A summary of research published in the Lancet Respiratory Medicine
A new study has looked at how we can successfully withdraw mechanical ventilation to give the best chance of recovery.
If a person’s breathing system stops working, they need medical support to help them breathe. A tube is inserted into the airways to push air around the body. This is invasive mechanical ventilation.
Studies show that complications increase the longer a person receives mechanical ventilation. This includes an increased risk of:
It is important that people are quickly ‘weaned’ from mechanical ventilation. This means that the breathing system begins to work for itself as the therapy is withdrawn.
What did the study look at?
This new study collected a large amount of data from 5,689 people who had received mechanical ventilation in 50 different countries. Researchers looked at how mechanical ventilation was withdrawn and what happened afterwards.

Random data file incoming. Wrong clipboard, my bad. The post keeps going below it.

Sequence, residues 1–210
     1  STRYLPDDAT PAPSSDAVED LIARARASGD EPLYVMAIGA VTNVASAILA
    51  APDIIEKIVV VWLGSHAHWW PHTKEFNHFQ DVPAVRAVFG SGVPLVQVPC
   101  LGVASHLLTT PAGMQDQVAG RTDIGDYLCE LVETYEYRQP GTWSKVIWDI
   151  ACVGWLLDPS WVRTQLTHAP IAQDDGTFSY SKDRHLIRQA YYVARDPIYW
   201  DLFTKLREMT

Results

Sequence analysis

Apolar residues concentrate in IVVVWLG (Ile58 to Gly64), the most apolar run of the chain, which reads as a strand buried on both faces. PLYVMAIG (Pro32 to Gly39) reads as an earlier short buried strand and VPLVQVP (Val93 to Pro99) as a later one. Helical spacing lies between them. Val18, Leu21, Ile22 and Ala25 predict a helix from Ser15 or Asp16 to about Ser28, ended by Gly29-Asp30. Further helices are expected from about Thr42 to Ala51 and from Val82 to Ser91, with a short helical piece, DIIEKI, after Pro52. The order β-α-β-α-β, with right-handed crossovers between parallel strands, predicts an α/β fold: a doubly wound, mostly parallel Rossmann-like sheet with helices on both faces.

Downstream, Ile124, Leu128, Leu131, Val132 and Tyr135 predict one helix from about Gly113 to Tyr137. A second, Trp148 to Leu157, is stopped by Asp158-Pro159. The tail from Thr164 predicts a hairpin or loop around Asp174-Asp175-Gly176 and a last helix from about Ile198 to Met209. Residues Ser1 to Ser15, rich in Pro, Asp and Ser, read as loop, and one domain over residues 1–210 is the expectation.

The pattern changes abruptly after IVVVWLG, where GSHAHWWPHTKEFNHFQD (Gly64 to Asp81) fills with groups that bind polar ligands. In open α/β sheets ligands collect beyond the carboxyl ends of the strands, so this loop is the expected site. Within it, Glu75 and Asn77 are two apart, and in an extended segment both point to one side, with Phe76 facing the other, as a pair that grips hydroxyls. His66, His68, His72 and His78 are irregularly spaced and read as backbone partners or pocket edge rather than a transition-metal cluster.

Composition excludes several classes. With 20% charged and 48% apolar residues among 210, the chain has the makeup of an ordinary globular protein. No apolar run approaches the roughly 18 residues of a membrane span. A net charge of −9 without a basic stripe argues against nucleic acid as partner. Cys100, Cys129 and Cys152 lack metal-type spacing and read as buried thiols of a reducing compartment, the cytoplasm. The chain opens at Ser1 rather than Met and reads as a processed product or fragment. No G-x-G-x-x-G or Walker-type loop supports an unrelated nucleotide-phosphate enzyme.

What do the results show?
Only 3,817 out of 5,689 participants (65%) were successfully weaned from invasive mechanical ventilation after 90 days.
Two main factors were linked to failed attempts to wean:
Why is this important?
The study shows the impact mechanical ventilation can have on people in intensive care units. It also shows changes that can improve weaning from mechanical ventilation.
This is the first global study to look at the weaning process in detail. It also shows the impact of delayed or failed attempts to remove ventilation.
The findings can help shape strategies for weaning from invasive mechanical ventilation. The authors believe that future studies should look at reducing delays and finding the best level of sedation medicine.
These findings, along with future research, should give people who receive mechanical ventilation the best chance of recovery.
Read the original research paper:
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